Midterm Solutions

Use the equation of hydrostatic equilibrium dp grr

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Unformatted text preview: = 2π(0.511x106 eV)(0.5 eV)/(1.24 eV µm)2 = 1.04x106 µm ­2 x (106 µm/m)2 = 1.04x1018 m ­2 therefore N+2/N0 = (1.04x1018 m ­2)3/2 e ­(3 eV/0.5 eV) = 2.63x1024 m ­3 We want the fraction N+/N = x, and N+2/N0 = (N+/N)2/[(N ­N+)/N2] = N x2/(1 ­x) = 2.63x1024 m ­3 => x2/(1 ­x) = 5.18x109 based on part (c) Since 0 < x < 1, x must be very close to 1, so we can approximate x = 1 ­(1 ­x) = 1 ­(1 ­[N+/N]) ≈ 1 ­(1/5.18x109) = 1 ­1.9x10 ­10 ≈ 1 Nearly all of the Nubulium is ionized! Page 12 of 16 Physics 160 Fall 2013 Midterm Exam (e) [5 pts] Based on the results from (d), is Prof. Burgasser’s prediction that we would see Nubulium absorption lines in the Solar spectrum a reasonable one? Why or why not? What might be a better type of star to look for this...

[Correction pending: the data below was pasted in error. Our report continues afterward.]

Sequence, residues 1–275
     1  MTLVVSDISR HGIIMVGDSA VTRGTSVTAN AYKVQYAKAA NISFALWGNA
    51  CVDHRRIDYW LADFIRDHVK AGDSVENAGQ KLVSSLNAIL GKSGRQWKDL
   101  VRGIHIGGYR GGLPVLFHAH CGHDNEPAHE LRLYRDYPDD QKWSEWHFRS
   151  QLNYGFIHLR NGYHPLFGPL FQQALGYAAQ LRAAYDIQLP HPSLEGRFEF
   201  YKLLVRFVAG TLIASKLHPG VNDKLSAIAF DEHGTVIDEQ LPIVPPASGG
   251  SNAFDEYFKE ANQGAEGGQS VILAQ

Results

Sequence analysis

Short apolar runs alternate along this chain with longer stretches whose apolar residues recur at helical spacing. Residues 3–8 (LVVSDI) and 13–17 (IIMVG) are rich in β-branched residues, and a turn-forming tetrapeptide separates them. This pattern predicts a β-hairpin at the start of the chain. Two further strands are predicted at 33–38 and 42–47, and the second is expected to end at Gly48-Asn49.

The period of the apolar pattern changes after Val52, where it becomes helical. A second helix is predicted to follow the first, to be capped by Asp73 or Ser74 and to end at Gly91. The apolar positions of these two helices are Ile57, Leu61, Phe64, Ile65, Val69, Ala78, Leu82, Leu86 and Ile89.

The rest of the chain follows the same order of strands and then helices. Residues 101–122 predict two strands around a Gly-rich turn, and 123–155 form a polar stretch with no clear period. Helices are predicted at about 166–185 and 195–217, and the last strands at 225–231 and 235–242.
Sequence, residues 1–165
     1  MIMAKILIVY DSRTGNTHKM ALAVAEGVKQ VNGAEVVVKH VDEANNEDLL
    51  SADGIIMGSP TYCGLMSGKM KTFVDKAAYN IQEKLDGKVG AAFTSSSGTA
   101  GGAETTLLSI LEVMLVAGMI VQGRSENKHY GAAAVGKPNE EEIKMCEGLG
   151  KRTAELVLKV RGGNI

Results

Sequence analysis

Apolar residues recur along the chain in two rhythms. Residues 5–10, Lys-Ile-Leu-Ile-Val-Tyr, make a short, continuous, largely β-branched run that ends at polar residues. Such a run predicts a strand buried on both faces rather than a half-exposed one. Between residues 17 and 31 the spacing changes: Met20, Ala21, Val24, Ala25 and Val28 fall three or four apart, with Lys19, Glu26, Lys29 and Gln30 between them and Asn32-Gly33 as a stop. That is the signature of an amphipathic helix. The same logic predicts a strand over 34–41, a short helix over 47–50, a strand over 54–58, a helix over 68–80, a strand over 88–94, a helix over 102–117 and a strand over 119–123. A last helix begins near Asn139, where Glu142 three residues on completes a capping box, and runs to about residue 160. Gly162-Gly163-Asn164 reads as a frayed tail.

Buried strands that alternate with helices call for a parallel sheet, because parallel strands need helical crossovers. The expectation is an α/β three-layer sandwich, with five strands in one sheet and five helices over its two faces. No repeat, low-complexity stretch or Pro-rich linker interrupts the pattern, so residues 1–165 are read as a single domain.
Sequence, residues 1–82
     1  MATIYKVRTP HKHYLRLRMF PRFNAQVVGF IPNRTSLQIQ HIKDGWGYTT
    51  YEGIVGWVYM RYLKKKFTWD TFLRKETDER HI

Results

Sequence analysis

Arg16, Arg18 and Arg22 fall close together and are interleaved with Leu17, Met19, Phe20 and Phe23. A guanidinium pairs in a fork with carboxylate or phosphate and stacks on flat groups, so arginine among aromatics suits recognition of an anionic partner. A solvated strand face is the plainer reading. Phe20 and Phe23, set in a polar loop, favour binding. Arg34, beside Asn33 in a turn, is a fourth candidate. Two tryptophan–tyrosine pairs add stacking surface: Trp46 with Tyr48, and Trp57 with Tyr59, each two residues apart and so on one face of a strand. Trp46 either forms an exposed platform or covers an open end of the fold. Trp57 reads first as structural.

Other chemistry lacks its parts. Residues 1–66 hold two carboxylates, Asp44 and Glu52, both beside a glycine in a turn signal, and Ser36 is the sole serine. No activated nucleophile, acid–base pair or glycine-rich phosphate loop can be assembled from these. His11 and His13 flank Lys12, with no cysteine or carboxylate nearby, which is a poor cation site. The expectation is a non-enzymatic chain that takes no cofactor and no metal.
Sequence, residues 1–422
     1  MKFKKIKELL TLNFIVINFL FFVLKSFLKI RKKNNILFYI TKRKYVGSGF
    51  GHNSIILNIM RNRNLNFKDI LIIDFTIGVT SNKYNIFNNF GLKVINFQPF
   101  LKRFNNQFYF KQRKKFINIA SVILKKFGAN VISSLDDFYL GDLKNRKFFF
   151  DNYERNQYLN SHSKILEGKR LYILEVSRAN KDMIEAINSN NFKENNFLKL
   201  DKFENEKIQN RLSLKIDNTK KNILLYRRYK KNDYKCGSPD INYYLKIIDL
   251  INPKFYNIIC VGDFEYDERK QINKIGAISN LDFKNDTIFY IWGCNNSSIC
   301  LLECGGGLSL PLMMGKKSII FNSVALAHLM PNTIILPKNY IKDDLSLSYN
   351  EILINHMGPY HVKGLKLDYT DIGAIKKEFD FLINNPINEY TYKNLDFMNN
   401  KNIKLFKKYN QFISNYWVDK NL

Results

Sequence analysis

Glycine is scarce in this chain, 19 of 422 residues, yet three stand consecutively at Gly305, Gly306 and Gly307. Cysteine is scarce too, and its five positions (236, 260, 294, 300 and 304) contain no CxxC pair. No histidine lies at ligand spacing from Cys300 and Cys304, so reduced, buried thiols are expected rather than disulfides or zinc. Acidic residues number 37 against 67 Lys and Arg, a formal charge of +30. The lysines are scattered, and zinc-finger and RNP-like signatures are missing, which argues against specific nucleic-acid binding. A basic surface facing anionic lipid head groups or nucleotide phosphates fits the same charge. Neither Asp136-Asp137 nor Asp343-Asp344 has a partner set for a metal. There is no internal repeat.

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This document was uploaded on 02/26/2014 for the course PHYS 160 at UCSD.

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